Where did it begin? Historians agree that the Wesleyan tradition of Watchnight actually comes from the now little-known Moravian Church. This early Protestant movement was very influential in Wesley’s life. As early as the 1730s, Moravians were holding Watchnight liturgies. Wesley is believed to have followed suit in the 1740s. So, all of these practices pre-dated the American Civil War by more than a century. Wesley’s landmark in defining this custom came in 1780, when he published “Directions for Renewing Our Covenant with God.” That original, lengthy text is available in collections of Wesley’s complete works—but the liturgy’s 18th-century tone would sound archaic in most churches today. The original Wesley service is a lengthy, heavy-duty evangelical appeal for “wretched sinners” to give up the Devil and come to Christ. At one point, Wesley urged sinners to envision the world around them dividing between Good and Evil. He wrote:

MAKE YOUR CHOICE: Turn either to the right-hand or to the left; lay both parts before you, with every link of each; Christ with his yoke, his cross and his crown; or the Devil with his wealth, his pleasure and curse; and then put yourselves to it thus: Soul, you see what is before you, what will you do? Which will you, either the crown or the curse?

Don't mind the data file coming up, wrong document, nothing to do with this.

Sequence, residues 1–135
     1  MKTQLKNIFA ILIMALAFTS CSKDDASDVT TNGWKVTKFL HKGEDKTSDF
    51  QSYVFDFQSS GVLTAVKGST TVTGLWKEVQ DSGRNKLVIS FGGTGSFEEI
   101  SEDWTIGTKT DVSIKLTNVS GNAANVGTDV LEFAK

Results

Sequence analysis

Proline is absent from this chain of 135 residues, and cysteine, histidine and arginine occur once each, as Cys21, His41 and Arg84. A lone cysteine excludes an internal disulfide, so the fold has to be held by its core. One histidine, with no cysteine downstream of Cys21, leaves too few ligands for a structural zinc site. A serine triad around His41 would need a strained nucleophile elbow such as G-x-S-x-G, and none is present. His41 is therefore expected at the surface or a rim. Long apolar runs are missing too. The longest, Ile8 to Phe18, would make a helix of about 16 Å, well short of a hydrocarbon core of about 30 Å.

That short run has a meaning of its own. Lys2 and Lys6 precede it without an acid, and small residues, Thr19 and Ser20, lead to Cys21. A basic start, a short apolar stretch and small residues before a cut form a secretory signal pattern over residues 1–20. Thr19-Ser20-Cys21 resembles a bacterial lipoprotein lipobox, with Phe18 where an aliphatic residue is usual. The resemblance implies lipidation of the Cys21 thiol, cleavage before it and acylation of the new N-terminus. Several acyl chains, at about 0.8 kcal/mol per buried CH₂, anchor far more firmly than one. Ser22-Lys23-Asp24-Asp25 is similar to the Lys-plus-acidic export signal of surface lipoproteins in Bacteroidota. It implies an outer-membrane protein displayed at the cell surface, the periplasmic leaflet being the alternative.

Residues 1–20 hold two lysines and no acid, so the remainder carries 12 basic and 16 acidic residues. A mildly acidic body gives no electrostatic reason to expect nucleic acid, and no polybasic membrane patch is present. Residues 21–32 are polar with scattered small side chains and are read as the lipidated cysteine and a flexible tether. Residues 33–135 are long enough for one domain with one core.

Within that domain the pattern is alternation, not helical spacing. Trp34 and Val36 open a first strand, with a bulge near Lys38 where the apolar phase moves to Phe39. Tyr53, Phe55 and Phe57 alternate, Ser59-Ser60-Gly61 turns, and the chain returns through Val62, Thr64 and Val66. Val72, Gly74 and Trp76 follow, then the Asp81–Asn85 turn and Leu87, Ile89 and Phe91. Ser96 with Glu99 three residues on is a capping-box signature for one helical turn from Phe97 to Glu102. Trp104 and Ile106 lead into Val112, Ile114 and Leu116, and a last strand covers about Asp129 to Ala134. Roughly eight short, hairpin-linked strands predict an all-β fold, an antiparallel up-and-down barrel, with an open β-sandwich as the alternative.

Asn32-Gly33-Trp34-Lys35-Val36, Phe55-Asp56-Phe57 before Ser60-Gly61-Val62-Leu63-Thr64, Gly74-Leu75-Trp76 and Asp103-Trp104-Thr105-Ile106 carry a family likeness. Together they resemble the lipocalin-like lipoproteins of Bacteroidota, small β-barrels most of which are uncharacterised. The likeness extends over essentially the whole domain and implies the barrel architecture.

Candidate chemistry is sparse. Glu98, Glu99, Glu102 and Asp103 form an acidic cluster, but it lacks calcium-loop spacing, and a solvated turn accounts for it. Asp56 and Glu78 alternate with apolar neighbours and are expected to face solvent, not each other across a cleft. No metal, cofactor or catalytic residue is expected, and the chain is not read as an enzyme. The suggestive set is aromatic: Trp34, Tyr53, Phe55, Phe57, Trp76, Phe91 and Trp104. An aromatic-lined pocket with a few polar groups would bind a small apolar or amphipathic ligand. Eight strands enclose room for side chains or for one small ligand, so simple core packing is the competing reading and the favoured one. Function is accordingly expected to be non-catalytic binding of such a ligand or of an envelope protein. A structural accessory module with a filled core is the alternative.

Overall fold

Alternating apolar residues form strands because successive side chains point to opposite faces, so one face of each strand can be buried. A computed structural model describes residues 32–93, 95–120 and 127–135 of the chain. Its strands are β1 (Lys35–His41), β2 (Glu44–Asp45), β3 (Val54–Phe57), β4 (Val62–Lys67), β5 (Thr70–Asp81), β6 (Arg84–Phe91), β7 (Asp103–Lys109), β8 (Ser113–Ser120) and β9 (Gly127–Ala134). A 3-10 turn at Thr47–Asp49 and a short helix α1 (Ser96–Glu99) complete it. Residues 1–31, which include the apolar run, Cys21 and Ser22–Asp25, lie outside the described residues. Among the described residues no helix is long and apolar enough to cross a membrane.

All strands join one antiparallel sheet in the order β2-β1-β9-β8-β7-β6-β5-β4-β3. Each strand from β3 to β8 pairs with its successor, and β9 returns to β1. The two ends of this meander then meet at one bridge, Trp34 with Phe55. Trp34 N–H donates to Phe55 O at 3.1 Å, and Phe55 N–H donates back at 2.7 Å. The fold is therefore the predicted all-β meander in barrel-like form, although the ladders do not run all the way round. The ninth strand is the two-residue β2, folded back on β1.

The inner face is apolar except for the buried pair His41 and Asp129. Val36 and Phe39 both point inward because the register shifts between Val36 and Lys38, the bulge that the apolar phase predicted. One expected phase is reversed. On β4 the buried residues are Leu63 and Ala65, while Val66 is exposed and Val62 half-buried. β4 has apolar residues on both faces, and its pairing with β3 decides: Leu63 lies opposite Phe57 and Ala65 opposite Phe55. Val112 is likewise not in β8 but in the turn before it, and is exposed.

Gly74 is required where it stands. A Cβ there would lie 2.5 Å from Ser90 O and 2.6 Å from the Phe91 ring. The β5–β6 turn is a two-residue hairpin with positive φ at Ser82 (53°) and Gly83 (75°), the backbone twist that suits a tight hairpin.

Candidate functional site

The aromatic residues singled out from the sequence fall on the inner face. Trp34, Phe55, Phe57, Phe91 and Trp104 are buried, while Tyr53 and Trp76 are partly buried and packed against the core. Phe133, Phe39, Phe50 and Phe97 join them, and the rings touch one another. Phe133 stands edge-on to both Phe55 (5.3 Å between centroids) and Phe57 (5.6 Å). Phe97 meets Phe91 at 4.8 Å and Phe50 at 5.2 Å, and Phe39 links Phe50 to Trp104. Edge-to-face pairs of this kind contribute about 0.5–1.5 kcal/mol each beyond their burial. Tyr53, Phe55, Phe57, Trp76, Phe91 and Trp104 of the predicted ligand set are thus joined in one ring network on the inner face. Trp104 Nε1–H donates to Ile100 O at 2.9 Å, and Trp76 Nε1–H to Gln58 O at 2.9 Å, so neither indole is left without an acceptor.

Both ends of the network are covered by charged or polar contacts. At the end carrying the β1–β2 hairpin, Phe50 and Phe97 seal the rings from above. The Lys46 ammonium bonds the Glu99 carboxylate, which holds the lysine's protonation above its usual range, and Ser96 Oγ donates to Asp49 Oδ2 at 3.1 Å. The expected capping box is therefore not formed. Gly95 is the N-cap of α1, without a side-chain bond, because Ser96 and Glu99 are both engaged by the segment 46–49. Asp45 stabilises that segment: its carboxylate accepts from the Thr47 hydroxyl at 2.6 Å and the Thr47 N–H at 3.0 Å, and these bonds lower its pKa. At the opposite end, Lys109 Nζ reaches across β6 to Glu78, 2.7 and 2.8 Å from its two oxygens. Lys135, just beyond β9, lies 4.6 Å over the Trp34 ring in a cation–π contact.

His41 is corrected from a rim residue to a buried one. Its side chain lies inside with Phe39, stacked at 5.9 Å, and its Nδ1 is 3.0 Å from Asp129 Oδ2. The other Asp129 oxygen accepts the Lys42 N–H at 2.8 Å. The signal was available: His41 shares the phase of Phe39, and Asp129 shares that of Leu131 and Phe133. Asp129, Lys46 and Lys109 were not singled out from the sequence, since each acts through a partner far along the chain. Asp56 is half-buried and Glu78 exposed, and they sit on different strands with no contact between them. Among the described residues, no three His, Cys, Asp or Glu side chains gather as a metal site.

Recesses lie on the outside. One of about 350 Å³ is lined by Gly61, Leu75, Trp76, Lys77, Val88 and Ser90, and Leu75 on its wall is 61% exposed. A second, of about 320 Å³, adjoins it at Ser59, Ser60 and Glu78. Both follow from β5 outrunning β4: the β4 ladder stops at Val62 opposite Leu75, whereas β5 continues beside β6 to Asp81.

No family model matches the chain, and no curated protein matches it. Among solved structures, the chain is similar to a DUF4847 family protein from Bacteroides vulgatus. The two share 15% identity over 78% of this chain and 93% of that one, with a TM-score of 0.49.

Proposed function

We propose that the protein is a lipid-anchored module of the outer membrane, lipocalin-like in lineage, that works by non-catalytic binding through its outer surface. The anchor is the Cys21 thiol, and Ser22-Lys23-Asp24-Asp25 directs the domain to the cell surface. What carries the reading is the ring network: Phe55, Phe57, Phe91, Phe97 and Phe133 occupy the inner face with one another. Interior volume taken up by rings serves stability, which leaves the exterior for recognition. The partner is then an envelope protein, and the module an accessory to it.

Thanks to United Methodist publishing today, you can download a sample of a much more contemporary Watchnight liturgy in PDF format.

African-American congregations solemnly mark the anniversary of the confirmation of the Emancipation Proclamation in 1863. President Lincoln’s preliminary declaration of emancipation had dropped like a bombshell in September 1862, giving Confederate states until January 1 to return to the Union—then, the actual issuance of the proclamation fell on New Year’s Day. It’s said that many African-Americans gathered in churches on New Year’s Eve 150 years ago, breathlessly anticipating what would unfold the next day.


Hosting a bash for the New Year? Access printables, decorating tips and recipes from Martha Stewart; recipes are also at Taste of Home, Country Living, Food Network and AllRecipes. Kids can join in the fun with craft ideas and party ideas from Family Fun and Parents.com. Mixing drinks without the alcohol? Stir up tasty mocktails with help from HGTV and the Four Seasons.


A Jewish authority in Haifa is causing a stir for many Jewish businesses this year by warning any hotel or event hall in the city that it will lose kashrut supervision for New Year’s celebrations. (The Jerusalem Post has the story.) Secular activists called the warning “scandalous,” and an “extortion of business owners;” the statement insisted that Jewish law forbids “a Jew to be present in a place where ‘idol worship’ is being conducted,” which includes the rituals of other religions.


Select Christian churches also mark the Feast of the Circumcision of Christ on January 1, as tradition tells that Jews circumcised baby boys eight days from birth. The Roman Catholic Church celebrates this also as the Solemnity of Mary, Mother of God.


Interested to know how religion changed headlines through the past year? Check out an article in Religion News, which travels through the 10 ways religion changed the world in 2012.